GENE SAPAKOFF COLUMN: Fixing the college conference realignment mess
Ben Franklin weighed in on another realignment rush more than two centuries ago.
“We must, indeed, all hang together,” Franklin said before the signing of the Declaration of Independence, “or most assuredly we shall all hang separately.”
Uniting American states worked out (except for that Civil War thing). Not so sure about the leaps mid-major college sports programs are making faster than fans can monitor.
For instance, the College of Charleston is completing its tenure in the (suddenly crumbling) Southern Conference and preparing to join the (increasingly nebulous) Colonial Athletic Association.
You can’t tell the conferences without a scorecard featuring a “refresh” button. The march out the door is the real madness this month, and it’s up to school presidents and trustees to seize sanity before Maine basks in the Sun Belt and someone at the Colonial office hastily phones Trident Tech.
These mid-major teams and leagues making moves are scrambling for the same thing, a slightly larger piece of the TV pie.
Of course, it’s still the same pie; only so many viewers to go around. But college athletics lacks an effective central body to distribute revenue streams, or even make suggestions.
Meanwhile, separate agendas, raiding and backstabbing is killing fan bases once linked.
“I wish the system did not make this necessary,” SoCon commissioner John Imarino said. “I wish we could push a button where (NCAA President) Mark Emmert would say, ‘This is not in the best interest of our institutions. Let’s put a 5-10 year moratorium on this.’ The only way to do that is for the NCAA to pick a date and say, ‘If you want to move, you have to do it by then. After that, we’ll have years of no movement.’ ”
Unfortunately, NCAA leadership these days isn’t that capable.
It’s time to conceive a grassroots conference coalition conclave, at which league managers and member presidents gather in a bunker and remain until alignments make something resembling sense.
Bring in some geography professors, travel agents and accountants to explain the silliness of having softball teams cross time zones or take commercial flights for “rivalry” games.
Form a new Goodwill Committee, designed to broker peace (and interleague trades).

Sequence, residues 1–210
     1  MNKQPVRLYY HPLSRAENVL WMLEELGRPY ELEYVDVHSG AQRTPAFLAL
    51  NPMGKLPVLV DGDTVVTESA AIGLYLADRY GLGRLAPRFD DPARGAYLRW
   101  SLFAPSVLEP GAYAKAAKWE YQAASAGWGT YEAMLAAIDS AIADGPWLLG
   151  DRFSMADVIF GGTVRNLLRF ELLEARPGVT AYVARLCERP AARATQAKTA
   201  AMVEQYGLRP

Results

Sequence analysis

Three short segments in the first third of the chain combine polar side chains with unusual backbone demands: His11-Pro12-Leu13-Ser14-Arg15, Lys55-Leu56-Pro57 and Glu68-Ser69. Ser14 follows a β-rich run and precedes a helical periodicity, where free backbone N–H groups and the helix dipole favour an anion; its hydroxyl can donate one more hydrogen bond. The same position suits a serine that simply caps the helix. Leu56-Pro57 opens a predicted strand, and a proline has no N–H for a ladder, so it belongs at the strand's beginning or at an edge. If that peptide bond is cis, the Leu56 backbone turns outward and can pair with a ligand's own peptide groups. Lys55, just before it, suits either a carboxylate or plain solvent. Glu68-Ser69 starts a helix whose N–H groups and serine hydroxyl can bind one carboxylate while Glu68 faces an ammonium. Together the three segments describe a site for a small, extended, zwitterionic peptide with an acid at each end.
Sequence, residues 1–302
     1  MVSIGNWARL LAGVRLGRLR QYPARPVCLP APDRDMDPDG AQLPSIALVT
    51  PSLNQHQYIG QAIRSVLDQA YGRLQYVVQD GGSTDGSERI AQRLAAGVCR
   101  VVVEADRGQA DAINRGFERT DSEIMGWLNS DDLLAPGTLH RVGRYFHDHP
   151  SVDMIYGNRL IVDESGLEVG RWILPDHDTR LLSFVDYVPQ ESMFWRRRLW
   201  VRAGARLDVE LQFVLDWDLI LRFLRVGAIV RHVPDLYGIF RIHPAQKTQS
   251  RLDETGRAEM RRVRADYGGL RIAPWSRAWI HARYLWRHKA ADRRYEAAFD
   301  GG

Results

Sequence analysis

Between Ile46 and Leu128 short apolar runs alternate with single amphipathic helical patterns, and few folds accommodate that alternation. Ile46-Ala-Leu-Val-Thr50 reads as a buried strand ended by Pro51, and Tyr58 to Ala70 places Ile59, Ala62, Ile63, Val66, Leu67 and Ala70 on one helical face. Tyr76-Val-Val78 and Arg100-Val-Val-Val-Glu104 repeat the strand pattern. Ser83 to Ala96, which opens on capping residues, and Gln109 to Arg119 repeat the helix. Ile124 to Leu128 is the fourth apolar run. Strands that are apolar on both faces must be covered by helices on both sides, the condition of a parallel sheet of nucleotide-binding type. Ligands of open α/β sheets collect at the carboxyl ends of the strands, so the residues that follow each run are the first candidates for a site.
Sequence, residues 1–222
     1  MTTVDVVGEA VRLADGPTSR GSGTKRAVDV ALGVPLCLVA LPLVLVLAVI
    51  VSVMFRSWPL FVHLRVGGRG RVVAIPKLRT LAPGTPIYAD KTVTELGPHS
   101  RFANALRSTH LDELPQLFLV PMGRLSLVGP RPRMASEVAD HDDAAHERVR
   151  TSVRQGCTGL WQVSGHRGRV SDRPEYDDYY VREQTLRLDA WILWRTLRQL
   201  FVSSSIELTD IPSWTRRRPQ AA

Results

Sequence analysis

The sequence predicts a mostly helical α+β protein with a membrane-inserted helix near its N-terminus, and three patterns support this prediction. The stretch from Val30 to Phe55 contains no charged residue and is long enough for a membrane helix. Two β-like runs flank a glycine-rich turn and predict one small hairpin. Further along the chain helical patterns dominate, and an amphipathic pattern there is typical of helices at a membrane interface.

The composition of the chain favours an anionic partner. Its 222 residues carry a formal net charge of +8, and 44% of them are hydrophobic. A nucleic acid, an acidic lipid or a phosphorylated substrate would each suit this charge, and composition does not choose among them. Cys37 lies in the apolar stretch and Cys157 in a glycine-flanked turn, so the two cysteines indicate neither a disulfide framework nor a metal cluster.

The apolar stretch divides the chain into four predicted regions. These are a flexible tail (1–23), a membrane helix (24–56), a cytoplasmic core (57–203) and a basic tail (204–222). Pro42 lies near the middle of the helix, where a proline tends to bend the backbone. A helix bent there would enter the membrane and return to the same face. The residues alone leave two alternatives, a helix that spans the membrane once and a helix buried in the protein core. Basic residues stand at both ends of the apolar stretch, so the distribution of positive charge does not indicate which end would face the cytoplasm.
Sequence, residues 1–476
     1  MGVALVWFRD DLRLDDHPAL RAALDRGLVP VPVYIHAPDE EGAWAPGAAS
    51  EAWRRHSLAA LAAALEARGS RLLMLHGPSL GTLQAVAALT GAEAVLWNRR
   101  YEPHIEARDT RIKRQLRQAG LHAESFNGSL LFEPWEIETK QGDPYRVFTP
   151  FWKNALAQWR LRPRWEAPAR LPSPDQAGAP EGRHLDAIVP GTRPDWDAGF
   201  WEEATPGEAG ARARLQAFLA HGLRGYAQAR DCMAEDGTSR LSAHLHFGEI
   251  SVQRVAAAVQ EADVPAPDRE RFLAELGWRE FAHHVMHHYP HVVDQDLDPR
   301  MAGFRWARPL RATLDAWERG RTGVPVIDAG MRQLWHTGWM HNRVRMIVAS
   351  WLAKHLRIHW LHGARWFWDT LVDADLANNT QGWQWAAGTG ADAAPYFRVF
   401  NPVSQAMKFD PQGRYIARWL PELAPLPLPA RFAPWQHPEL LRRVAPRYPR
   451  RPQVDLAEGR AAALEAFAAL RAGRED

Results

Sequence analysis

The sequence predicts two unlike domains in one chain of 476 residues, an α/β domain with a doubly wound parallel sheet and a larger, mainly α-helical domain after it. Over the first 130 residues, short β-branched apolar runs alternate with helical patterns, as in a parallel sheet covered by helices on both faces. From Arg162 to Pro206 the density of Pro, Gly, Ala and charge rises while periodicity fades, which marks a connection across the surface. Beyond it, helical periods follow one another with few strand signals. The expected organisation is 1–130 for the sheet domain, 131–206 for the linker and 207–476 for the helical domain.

Introduce Goodwill Committee Co-Commissioners Gene Budig, Bobby Cremins and Les Robinson, all Lowcountry residents.
Budig is the brilliant former president of baseball’s American League, the University of Kansas (he hired Roy Williams as head basketball coach) and West Virginia (among other lofty titles).
Cremins, the gregarious former College of Charleston and Georgia Tech head basketball coach, also has ties to South Carolina (player) and Appalachian State (coach).
Robinson was the head basketball coach at The Citadel, East Tennessee State and N.C. State and was athletic director at N.C. State and The Citadel.
These guys know their way around rooms full of Type-A personalities. They might coax conference alignments that fans, faculty and student-athletes actually like.
Until recently, college sports programs below the Jadeveon Clowney/Brittney Griner level did a good job of preserving old-school attributes:
Real regional rivalries.
Fan-friendly road trips.
Local players on opposing teams.
It’s not fair to pick on the College of Charleston, among many schools in fluid transition.
Or the Southern Conference, which is trying to do the noble things.
“Our folks have made it quite clear that they would like to keep the geographic footprint manageable,” Iamarino said. “We’re willing to stretch it a little bit. But we don’t want to get ridiculous about this. We don’t want to have to put teams on airplanes to play regular season contests.”
The Southern Conference has survived the losses of Clemson, South Carolina, Alabama and North Carolina and will survive the loss of College of Charleston, Georgia Southern and Appalachian State.
The rest of the SoCon, just like the rest of the Colonial, will heed Ben Franklin’s advice and attempt to hang together. Officially. For the rest of the week, anyway.
Follow Gene Sapakoff on Twitter @sapakoff